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Nobel widow Liu Xia leaves China after 8 years' house arrest

11 July 2018

China has allowed the widow of the late Chinese dissident and Nobel Peace Prize Laureate, Liu Xiaobo, to leave the country following almost eight years under de facto house arrest.

But now, Liu Xia is reported to have been allowed to leave China.

"I hope she can improve her health condition and adjust her mood ... after leaving here, and then gradually start her new life."

Her departure, following a year of pressure on Beijing from activists and rights groups, comes at the end of a visit to Germany by Chinese Premier Li Keqiang, during which the two countries signed commercial deals worth more than $30 billion US.

Friends said she had taken a Finnair flight to Berlin via Helsinki, a move that came just days before the first anniversary of her husband's death from liver cancer. Wu said he spoke to Liu Xia's older brother, Liu Tong. "I hope that being in a free country will allow Liu Xia to heal her long-standing traumas and wounds".

PEN America's members and supporters, working in solidarity with writers and readers all over the world, have campaigned relentlessly for Liu Xia's freedom throughout her confinement through letters, postcards, petitions, live protests, social media campaigns, videos, the distribution of her poems, and readings of her work.

German Chancellor Angela Merkel meets regularly with dissidents during visits to China and has raised Liu Xia's case with Chinese officials, including during a visit in May, people familiar with the matter said.

- "Very severe" depression - Speaking to AFP before her departure, close friend Ye Du told AFP that Liu was suffering from "very severe" depression, adding that she would "sometimes faint".

Liu Xia's release and her departure from the country show that sustained worldwide pressure can bring about positive human rights developments in China, Human Rights Watch said. The last time China let a high-profile political prisoner leave was in 2012, when blind activist Chen Guangcheng was allowed to fly to NY after escaping from house arrest and hiding for six days in the U.S. Embassy in Beijing. Su Yutong, a family friend based in Germany, also confirmed her departure. "But we still fear for Liu Hui, who is being kept in the country as a guarantee so that Liu Xia does not speak out overseas".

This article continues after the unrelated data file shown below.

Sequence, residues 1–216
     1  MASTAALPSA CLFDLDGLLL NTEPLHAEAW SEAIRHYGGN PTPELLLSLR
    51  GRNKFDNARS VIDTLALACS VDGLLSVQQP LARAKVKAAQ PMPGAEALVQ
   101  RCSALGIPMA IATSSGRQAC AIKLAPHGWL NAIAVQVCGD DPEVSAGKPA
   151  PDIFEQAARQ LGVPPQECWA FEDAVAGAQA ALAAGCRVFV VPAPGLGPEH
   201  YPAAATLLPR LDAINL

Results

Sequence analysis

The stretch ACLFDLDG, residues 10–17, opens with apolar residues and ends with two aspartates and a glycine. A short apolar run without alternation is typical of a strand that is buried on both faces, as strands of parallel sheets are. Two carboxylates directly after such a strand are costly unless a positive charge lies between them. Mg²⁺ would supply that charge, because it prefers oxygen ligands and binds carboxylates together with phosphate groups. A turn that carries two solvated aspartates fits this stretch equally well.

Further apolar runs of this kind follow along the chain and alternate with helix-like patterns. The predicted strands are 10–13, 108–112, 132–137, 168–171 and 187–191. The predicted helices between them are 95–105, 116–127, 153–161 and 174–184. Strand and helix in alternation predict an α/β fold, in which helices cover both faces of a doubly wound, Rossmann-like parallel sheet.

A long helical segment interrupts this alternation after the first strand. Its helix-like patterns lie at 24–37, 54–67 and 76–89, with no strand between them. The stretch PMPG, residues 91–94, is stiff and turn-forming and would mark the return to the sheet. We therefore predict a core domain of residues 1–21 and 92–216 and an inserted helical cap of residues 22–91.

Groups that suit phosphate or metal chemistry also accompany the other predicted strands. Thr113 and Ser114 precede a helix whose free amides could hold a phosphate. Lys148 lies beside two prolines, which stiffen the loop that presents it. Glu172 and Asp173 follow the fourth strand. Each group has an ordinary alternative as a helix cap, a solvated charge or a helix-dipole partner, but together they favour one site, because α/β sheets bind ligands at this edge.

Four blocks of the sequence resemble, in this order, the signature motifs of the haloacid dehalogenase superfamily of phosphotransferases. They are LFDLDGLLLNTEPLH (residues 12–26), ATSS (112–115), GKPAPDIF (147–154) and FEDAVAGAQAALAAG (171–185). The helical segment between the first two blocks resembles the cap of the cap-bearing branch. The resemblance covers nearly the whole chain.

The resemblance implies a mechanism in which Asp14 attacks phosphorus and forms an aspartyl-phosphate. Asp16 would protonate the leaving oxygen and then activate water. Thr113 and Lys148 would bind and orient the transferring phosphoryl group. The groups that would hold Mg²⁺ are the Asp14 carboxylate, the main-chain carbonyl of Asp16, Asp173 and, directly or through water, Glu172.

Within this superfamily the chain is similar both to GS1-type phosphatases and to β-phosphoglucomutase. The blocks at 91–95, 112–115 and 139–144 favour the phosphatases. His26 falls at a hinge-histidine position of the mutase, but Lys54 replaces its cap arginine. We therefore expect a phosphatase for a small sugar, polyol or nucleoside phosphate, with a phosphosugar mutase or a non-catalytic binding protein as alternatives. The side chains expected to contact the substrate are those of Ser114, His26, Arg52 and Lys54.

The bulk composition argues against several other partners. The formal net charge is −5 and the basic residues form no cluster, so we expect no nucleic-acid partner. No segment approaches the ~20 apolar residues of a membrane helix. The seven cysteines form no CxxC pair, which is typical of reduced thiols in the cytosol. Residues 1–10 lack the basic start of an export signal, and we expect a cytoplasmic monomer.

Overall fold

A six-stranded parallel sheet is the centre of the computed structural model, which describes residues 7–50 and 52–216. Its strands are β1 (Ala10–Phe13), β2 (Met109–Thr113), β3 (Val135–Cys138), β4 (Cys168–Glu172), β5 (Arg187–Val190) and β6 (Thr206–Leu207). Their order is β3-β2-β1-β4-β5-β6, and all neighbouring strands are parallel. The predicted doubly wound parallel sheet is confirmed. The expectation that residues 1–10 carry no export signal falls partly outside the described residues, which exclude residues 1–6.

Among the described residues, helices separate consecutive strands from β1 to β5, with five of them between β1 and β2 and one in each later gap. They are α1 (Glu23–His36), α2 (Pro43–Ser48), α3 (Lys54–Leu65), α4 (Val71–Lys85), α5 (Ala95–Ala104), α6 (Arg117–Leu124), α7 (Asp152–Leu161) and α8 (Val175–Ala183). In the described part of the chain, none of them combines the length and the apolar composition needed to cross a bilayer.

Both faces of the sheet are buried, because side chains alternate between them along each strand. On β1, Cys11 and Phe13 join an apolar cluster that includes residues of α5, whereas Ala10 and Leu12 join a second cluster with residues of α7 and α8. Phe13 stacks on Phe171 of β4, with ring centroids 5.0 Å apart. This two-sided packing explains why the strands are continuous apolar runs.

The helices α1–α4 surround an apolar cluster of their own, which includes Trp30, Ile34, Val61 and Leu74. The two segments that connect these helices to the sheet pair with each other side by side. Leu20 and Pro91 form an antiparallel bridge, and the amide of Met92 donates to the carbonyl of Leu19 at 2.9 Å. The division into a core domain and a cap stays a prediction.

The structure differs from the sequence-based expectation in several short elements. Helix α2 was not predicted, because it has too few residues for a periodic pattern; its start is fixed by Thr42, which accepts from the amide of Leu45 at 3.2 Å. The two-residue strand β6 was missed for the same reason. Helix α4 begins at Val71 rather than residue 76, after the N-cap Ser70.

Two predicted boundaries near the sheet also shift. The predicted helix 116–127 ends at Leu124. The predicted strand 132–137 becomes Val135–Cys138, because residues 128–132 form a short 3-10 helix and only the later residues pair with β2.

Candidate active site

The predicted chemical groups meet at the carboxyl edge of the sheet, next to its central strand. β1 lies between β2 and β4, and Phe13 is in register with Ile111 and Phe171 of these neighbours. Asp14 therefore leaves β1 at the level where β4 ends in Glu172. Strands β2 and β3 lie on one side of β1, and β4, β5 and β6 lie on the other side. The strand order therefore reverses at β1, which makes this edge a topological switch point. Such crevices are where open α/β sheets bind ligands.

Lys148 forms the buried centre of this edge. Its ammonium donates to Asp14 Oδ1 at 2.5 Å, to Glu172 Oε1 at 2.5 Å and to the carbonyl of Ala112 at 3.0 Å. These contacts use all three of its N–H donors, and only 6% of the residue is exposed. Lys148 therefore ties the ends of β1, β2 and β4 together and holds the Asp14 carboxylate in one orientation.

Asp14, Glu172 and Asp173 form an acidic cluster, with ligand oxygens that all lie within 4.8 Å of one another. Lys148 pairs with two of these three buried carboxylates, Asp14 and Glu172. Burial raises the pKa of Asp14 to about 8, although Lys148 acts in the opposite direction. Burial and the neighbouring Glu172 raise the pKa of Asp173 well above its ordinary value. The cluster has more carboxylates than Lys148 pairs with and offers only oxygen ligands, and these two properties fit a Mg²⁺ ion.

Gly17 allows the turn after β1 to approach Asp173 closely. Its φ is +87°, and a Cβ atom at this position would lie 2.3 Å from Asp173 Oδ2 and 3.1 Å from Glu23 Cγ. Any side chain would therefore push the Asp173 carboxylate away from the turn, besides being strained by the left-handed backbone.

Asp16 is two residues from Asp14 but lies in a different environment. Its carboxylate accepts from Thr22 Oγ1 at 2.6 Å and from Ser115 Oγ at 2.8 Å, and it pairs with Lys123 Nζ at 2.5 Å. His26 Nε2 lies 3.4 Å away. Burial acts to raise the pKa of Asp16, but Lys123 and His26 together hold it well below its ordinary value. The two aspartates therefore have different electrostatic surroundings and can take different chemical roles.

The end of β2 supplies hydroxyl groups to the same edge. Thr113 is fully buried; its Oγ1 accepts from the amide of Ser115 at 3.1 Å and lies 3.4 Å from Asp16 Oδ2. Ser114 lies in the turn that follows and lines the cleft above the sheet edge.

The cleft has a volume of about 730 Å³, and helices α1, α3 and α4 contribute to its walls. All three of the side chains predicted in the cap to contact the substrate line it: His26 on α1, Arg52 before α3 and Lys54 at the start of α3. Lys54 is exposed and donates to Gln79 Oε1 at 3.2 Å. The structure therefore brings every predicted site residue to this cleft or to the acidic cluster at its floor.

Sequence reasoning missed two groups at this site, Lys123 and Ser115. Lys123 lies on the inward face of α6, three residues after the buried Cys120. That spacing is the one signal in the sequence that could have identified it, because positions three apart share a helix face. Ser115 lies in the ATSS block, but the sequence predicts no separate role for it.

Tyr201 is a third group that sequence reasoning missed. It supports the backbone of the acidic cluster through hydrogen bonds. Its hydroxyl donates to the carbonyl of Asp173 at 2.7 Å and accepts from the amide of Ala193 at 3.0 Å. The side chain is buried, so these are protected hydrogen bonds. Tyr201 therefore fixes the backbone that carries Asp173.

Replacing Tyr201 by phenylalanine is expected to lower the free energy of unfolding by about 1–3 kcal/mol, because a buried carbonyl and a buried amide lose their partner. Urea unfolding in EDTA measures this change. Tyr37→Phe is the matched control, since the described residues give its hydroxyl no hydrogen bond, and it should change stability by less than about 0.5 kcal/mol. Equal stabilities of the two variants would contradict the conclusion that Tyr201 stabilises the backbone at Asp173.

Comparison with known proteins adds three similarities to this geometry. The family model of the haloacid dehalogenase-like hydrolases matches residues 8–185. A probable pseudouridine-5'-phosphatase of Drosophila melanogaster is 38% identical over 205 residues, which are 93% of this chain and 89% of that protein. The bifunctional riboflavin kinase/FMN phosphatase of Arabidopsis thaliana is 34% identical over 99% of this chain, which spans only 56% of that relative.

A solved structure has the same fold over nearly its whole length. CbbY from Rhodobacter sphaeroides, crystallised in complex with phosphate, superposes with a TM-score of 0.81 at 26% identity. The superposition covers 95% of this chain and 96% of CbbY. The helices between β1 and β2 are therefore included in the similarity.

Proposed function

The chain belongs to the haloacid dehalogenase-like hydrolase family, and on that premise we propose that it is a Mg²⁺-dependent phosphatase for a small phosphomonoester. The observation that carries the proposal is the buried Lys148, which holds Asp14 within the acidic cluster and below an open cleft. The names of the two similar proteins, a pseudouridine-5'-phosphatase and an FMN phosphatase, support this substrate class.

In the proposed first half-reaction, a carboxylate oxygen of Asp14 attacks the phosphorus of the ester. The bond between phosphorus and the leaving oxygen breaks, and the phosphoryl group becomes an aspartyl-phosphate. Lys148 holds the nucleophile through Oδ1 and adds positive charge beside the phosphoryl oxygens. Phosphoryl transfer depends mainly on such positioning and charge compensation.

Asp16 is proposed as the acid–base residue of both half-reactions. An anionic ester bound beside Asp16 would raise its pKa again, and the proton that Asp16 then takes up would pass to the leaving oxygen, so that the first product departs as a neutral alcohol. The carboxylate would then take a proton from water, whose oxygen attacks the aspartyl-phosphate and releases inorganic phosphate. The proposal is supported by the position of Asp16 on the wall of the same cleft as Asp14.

Chinese foreign ministry spokesperson Hua Chunying told a news conference that Liu Xia had gone to Germany to seek medical treatment in accordance with her wishes.

China has previously criticized calls by Western governments for Liu's release, saying that foreign countries were making "improper remarks" over what Beijing sees as a domestic affair.

Liu Xia was never charged but was largely confined to her Beijing home.

"Liu Xia never gave up on her wrongfully imprisoned late husband, and for this she was cruelly punished", said Patrick Poon, China Researcher at Amnesty International, in response to the news Tuesday. In a phone recording posted on the internet in May, Liu Xia was heard sobbing without talking for much of the time, apparently over her frustration with the processing of her application to leave China.

Nobel widow Liu Xia leaves China after 8 years' house arrest